I'm not sure I understand your question. I was seeing one psychiatrist for several months. She prescribed all of those meds that had disastrous effects. I i finally stopped seeing her because it was obviously doing me nothing but harm taking her medical advice. I saw no one else for a long time. After that time of no meds or doctors (except ambien), I realized the problems were too much for me to deal with on my own. I finally saw another psychiatrist. He didn't help either so I left him after maybe 3 or 4 months. I think that was a fair enough time. I wasn't willing to stick around with another doctor who wasn't helping.

If that's what you meant by "psychiatrist-hopped," then yes. Was that not a reasonable course of action?

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I was seeing one psychiatrist for several months. She prescribed all of those meds that had disastrous effects. I i finally stopped seeing her because it was obviously doing me nothing but harm taking her medical advice. I saw no one else for a long time. After that time of no meds or doctors (except ambien), I realized the problems were too much for me to deal with on my own. I finally saw another psychiatrist. He didn't help either so I left him after maybe 3 or 4 months. I think that was a fair enough time. I wasn't willing to stick around with another doctor who wasn't helping.

If that's what you meant by "psychiatrist-hopped," then yes. Was that not a reasonable course of action?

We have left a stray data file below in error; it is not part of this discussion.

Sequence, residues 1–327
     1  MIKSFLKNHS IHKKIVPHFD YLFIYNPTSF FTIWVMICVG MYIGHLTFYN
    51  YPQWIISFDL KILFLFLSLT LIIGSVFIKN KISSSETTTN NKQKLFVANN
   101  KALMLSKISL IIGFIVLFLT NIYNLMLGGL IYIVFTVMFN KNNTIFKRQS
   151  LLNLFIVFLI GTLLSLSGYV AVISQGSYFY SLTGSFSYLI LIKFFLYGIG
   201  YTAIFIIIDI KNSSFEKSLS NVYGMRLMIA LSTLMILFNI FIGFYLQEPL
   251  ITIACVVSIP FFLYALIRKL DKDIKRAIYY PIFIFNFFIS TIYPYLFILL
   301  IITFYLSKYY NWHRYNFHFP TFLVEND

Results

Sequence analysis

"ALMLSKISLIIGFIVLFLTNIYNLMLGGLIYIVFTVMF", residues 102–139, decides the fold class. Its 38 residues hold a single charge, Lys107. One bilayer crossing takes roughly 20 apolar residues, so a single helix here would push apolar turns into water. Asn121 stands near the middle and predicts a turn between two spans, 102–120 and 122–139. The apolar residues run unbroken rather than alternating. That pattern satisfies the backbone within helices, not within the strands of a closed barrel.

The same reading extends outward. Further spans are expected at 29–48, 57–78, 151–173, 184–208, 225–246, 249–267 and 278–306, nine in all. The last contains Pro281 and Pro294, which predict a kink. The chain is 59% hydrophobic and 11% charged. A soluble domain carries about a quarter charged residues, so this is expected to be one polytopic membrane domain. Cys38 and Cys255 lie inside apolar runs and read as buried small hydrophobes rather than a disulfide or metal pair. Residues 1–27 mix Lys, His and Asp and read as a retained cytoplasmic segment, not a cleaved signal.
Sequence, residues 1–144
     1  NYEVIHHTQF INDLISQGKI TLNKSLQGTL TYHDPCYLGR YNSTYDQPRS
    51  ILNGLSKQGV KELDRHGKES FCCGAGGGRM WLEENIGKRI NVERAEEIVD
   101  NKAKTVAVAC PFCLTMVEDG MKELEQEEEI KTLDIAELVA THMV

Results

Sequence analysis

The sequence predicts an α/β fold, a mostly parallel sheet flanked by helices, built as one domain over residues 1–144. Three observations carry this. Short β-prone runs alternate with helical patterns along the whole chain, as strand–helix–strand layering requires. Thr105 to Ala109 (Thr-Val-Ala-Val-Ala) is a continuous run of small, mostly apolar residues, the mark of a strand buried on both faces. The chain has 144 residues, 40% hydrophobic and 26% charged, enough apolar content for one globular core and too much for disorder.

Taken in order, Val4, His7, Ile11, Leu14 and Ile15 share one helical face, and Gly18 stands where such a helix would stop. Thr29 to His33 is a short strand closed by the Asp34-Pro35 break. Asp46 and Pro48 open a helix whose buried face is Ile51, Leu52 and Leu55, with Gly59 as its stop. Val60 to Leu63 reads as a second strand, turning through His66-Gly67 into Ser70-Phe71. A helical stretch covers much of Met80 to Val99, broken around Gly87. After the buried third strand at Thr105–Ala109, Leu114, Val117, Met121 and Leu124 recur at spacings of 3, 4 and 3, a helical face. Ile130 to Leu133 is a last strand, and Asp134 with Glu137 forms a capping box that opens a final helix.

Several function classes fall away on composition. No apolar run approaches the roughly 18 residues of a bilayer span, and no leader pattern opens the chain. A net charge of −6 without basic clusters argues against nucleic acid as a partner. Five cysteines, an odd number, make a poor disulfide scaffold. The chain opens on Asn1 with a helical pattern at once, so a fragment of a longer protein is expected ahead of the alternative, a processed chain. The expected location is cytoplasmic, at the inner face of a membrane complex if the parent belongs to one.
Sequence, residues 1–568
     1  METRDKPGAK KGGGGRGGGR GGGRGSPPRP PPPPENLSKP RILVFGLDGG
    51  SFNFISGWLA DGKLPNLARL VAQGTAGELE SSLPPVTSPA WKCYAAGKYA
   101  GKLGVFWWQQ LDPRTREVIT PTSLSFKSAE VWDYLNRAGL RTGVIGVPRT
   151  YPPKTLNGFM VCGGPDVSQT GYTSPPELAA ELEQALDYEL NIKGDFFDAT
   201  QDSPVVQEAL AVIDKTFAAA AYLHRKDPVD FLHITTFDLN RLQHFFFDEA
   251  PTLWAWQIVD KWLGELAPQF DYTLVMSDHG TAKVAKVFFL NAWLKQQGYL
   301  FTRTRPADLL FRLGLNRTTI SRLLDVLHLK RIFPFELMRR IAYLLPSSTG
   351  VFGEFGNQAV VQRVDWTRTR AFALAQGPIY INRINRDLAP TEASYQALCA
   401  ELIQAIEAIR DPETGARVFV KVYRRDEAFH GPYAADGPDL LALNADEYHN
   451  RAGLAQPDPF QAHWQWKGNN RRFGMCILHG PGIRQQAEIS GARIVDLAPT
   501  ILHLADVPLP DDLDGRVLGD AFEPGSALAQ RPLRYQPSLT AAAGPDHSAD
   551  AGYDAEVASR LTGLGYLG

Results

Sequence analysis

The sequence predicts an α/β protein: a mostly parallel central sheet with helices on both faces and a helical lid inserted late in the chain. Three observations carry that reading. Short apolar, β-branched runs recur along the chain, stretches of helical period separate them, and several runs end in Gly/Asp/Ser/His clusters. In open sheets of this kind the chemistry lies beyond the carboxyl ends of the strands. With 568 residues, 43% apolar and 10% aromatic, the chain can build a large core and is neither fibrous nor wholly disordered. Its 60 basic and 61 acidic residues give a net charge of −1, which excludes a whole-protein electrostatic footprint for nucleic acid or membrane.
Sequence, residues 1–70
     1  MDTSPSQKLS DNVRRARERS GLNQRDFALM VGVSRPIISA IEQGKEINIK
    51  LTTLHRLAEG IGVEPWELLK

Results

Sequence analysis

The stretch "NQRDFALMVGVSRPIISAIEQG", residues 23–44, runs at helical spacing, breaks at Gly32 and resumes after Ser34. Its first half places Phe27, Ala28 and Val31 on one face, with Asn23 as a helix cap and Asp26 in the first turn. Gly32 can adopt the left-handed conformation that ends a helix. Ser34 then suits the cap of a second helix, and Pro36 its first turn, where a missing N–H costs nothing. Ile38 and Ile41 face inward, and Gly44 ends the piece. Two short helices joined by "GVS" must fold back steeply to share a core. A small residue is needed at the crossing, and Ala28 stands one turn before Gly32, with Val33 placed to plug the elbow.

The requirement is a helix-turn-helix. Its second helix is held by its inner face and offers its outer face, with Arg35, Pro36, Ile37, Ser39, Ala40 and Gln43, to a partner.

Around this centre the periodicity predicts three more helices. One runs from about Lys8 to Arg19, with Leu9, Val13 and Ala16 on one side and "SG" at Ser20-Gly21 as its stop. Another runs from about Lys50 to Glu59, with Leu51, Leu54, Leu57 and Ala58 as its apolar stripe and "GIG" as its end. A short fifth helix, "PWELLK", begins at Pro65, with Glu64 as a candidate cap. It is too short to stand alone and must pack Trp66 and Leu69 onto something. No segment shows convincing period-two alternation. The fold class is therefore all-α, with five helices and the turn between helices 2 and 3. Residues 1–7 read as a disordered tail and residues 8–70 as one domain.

Not really a reasonable course of action, in my opinion.

You went to a doctor, they tried out different meds, none of them worked, but they were willing to keep trying, yes? Psych meds aren't like antibiotics, most people don't get cured with the first or second one you take. You're putting the blame on the doctors, saying "it was obviously doing me nothing but harm taking her medical advice" and then avoiding doctors for "a long time." Then you saw another psychiatrist, who "didn't help either." More doctor blaming for something they can't do anything about. Finding the right medication is a trial and error process, unfortunately.

Let me put it to you another way. It took me 4 1/2 (FOUR and a HALF) years to find a medication regimen that made me feel even remotely close to better. I stayed with the same pdoc, because he was helpful, kind, and understanding, and because he was willing to keep trying things, even though most of the medications we tried out for me didn't work worth a good goddamn.

If I had doctor-hopped like you did, I probably never would have found the right meds.

Now I'm not saying your medication journey is going to take 4 1/2 years. What I'm saying is you really shouldn't act like it's the doctor's fault that the meds they try you on don't work. It's not the doctor's fault, it's not the medication's fault, it's certainly not your fault, it's just a ROLL OF THE DICE pretty much. That's why they call it the "med-go-round."

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I stayed with the same pdoc, because he was helpful, kind, and understanding, and because he was willing to keep trying things

I believe you were probably pretty lucky to find a Dr with those qualities, and that helped you stick with him. Not all are that way, and sometimes one has the sense that a Dr. is somewhere on the spectrum of "not a good fit" to "potentially harmful". If you had gotten stuck with a Dr. who was on the more negative end of the spectrum, it might not have turned out so well for you (even though it DID take 4.5 years). I think that as it can take time to find the right meds, it can sometimes also take time to find the right doc....